We left the power line and the next steep decent was dominated by large deep ruts, some big enough to qualify as gullies, and slippery mud. Once again, most reconnoitered the track before proceeding and chose their lines with caution, given a slip into the ruts didn’t look too inviting. The first vehicles inched their way along the top, ½ a tyre width between them and a nasty slide in some spots. John Mc decided to throw caution to the wind and chose to drop straight into the ruts (after all you can’t fall in if you’re already in them). After a promising start he was cruelly denied success at the very end, when he lost traction, the ruts proving just a little too deep. A short tow and John was clear.
John K was the next to tackle the decent. All was gong well, a nice controlled (well that’s what he told us anyway) slide into a rut didn’t appear to be a stopper, however the big Nissan failed to climb out the other side. There was lots of discussion on the best course of action and after another two or three attempts to remove himself from the situation, John had finally succumbed to use the tow rope that had been fetched a second time. John tried one last time and, standing near the passenger window, I realised then that I wasn’t getting covered in mud as I should be. We checked John’s front hubs and you guessed it, they were unlocked!! John had switched them at the start of the trip, but must have unlocked them, rather than lock them. With the front wheels providing some extra drive, John was able to extract himself quite easily and the rest of the convoy moved through without incident.
Everyone made it through the challenging climb up the other side, even if, just for a change, Terry had to have two goes at it. It was interesting to note that this climb had proven too hard for some members on previous trips, yet at night and in the rain everyone made it. Perhaps there is some truth in the saying “What you can’t see, won’t hurt you”. From here we climbed back up to the power line, where Paul’s mate, with his Suzuki, was waiting for us. Not long afterwards the rain was kind enough the stop for 20 minutes whilst we took a well earned break.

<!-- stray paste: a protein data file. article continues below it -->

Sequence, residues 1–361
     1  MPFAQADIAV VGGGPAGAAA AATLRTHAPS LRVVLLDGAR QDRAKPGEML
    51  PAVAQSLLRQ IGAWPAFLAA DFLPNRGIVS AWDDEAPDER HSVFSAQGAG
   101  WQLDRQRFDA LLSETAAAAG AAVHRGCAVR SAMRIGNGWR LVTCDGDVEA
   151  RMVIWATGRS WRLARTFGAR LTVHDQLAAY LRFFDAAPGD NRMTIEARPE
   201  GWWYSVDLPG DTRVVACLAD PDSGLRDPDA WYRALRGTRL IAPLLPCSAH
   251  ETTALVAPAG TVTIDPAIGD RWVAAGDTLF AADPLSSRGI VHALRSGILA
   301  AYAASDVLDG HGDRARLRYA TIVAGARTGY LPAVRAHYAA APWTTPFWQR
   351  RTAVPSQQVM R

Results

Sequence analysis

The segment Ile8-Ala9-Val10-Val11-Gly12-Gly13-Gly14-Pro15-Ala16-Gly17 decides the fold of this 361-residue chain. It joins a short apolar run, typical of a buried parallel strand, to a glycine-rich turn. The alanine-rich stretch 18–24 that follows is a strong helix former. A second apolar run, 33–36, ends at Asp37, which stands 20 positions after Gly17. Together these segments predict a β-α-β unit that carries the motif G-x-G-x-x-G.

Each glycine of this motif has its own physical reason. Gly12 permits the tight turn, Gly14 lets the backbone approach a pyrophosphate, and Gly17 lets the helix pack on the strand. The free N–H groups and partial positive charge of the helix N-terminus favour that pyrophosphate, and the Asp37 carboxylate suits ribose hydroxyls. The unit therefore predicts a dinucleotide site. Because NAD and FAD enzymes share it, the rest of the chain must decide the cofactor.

After the break, the rain seemed to ease a little and we arrived at the challenge of the evening, a very rocky, steep climb, dominated by large step ups and boulders. Some were keen, some not so keen and some unsure. Those that wanted a go, lined up and Richard was the first over after a couple of tries. Not to be outdone by a Nissan, Terry followed soon afterwards. Paul’s mate then proved that bigger is not necessarily better as he managed to coerce the little Suzuki over the rocks. I was next and, more hopeful than confident, soon realised that (desperate as I was to have a Pajero make it) it wasn’t going to happen. Craig H was next and try as he might, he couldn’t get his Pajero to the top either. So once again the Nissans and Toyotas proved to be King of the Mountain.
Further along the track there was lots of water to splash through. Frith fell asleep just after nine o’clock and a short while later we arrived at Talbot Rd, where the trip finished, way too soon for nearly everyone’s liking. Some even talked of turning around the doing the trip in reverse. Ice creams and refreshments at The Lakes roadhouse helped to alleviate the disappointment that the trip was over.
The absence of natural light, combined with heavy rain, provided a different perception of the familiar track and surrounding country side making for a fun and exciting trip.
Thanks to Richard for a great night.